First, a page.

Open Access: the ‘Plan S’
Research and academic groundwork funded with public means should be free and open to everyone. That is the principle behind Open Access that was formulated in 2003 in the Berlin Declaration. More than a decade has passed since and for years no significant action was taken. Scientific research, paid for by the taxpayer, is still mostly locked behind paywalls. Until 2018, when a group of national research funding organizations, with the support of the European Commission and the European Research Council (ERC), established cOAlition S and presented the ‘Plan S’. This initiative is essential towards making full and immediate Open Access to research publications a reality, but still has a long way to go.
Why is Open Access taking so long?
The public interest in Open Access has grown exponentially since the rise of the internet fundamentally changed the distribution of scientific knowledge. While publishers were upset as they saw their business models disappear, research funding organizations were excited to bring science to a larger audience.
Two versions of Open Access were formulated to facilitate the transition to an Open Access system: the “golden route” and the “green route”. In case of a “golden route” the publication fee, known as article processing charge (APC), is paid by the author or his or her institution. The advantage is Open Access to all interested readers. Publishers are fairly positive about this solution as they would still be paid for their work. The downside is that some universities and research institutions will not be able to cover the high APCs. The “green route” allows authors to upload their articles to a repository, making the publication Open Access to the rest of the world. Publishers may demand an embargo period, during which access is restricted. The “green route” does not impose any financial barriers on research institutions; however, this route does not enforce complete Open Access because academic information is still monetized, albeit for a limited period of time.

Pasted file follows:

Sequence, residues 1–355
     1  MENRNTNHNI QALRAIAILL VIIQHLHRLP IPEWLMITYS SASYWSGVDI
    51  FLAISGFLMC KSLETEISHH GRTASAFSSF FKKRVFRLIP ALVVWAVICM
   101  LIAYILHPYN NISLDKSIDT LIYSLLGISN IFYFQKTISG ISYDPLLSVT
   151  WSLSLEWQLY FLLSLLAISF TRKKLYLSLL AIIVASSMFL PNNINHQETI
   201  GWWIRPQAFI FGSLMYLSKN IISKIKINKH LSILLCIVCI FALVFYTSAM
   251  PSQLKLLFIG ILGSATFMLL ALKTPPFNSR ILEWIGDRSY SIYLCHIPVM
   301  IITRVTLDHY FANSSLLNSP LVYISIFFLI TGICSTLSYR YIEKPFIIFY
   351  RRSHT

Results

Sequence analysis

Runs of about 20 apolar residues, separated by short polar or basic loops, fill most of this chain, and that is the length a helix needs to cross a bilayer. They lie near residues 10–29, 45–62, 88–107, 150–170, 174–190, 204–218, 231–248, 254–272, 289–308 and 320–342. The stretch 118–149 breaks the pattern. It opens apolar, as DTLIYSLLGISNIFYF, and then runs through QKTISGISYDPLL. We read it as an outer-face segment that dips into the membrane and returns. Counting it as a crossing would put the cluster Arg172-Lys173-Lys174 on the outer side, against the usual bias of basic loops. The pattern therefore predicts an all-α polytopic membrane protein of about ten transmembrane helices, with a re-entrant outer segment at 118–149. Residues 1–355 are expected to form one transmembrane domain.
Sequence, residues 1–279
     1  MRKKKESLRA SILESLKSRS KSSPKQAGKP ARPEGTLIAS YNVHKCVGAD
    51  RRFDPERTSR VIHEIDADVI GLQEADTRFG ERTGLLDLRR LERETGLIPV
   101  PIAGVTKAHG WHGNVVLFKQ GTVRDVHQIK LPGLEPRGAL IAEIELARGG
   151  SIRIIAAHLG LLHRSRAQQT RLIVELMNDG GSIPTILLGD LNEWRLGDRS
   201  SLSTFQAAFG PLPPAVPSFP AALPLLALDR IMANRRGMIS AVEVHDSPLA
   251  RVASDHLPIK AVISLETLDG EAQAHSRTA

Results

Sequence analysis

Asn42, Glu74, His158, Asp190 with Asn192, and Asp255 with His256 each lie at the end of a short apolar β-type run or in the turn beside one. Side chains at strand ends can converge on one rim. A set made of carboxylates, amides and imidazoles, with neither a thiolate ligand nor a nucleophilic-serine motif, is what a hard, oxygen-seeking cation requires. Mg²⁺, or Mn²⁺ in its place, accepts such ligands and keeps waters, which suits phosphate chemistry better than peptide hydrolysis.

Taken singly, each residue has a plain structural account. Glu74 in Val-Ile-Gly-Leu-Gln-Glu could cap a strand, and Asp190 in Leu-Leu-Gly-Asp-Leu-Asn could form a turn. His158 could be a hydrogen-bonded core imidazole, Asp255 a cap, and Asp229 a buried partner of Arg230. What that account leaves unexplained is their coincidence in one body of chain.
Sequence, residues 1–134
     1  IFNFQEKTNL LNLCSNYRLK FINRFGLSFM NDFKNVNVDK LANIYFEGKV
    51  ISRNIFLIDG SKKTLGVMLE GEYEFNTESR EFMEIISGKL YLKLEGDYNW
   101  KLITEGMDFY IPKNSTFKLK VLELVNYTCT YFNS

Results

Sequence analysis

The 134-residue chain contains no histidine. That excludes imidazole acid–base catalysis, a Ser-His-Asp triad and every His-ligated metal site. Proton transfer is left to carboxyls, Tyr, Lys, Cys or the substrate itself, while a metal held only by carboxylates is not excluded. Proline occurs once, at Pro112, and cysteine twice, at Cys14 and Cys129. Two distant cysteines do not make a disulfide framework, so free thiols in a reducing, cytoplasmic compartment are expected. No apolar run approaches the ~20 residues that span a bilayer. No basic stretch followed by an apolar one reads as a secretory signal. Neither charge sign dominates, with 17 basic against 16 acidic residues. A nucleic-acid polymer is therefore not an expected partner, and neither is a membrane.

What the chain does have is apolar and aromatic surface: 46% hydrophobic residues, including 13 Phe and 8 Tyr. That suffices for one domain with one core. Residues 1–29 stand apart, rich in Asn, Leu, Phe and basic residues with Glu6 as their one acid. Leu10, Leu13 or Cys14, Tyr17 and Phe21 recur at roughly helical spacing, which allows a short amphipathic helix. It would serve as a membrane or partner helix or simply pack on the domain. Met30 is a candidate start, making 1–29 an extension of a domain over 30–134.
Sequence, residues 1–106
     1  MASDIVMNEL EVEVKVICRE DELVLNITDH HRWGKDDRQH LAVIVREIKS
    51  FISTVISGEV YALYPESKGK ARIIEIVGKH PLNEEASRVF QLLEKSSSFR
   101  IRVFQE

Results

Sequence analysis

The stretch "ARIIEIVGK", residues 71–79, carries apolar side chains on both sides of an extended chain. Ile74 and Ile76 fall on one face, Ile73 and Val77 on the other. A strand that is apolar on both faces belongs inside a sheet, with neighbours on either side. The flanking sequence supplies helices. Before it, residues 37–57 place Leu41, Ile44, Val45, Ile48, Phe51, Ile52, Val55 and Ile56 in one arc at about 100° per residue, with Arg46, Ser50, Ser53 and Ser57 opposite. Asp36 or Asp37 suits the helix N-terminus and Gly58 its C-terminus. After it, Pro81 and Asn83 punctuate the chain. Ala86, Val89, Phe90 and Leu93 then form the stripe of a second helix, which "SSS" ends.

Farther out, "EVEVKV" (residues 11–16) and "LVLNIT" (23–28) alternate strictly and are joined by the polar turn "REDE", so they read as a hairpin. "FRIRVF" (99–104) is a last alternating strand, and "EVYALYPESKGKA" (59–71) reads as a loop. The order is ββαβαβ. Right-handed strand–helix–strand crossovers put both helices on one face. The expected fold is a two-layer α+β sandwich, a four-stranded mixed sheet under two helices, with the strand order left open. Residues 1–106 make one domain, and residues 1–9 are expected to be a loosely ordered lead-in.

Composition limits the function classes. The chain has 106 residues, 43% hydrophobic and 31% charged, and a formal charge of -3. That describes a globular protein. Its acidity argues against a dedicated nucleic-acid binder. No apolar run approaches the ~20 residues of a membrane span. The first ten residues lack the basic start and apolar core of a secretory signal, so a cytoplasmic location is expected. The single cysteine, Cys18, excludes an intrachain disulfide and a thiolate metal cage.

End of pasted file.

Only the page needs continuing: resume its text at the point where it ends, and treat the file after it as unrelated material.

cOAlition S (Plan S) is an initiative of a group of national research funding organizations, supported by the European Commission and the European Research Council (ERC). In September 2018 they announced their plan to realize full and immediate Open Access to research publications.
The vision of Plan S is clear: “From 2021, scientific publications that result from research funded by public grants must be published in compliant Open Access journals or platforms”. Based on this vision the coalition has formulated 10 principles and 9 action points.
To facilitate the transition from subscription models to Open Access, cOAlition S has adopted the so-called “transformative arrangements”. Publishers that opt for such an agreement have until 2024 to implement Open Access.
The current business model of subscription journals appears outdated and unwanted. Besides, publishers are charging twice without reinvesting the money back into research, leading to a net loss of research money to for-profit organizations. In this regard, Open Access science helps create a level playing field for free scientific journals vis-à-vis paid publications.
Stakeholders have responded in different ways. Organizations in favor of Open Access have expressed concerns about the implementation, as the proposed timeline and demands are rigid. The research community is afraid that authors may be limited in their academic freedom and publication options by obliging them to only publish in Open Access journals. In addition, authors may find it difficult to bear the costs of publishing in Open Access journals (in the case of the “golden route”). Remarkably, various publishers, the “natural opponents” of Plan S, have responded relatively mildly to it; Science and Nature for example are already in the process of implementing Open Access into their business models.
Where is it headed?
According to cOAlition S, Open Access is the future. Discussions should focus not on “if” Open Access should be implemented but on “how” this is done. The implementation of Open Access in a European context is dependent on the support of national governments. Although cOAlition S is already endorsed by more than 14 countries, important scientific contributors such as Germany have not committed to cOAlition S. The endeavor still has a long way to go.
EHA and Open Access
EHA, which publishes its own open access journal HemaSphere, is an active participant in the debate about the Plan S. Keep an eye out for the next issue of HemAffairs to read more about EHA’s involvement and views.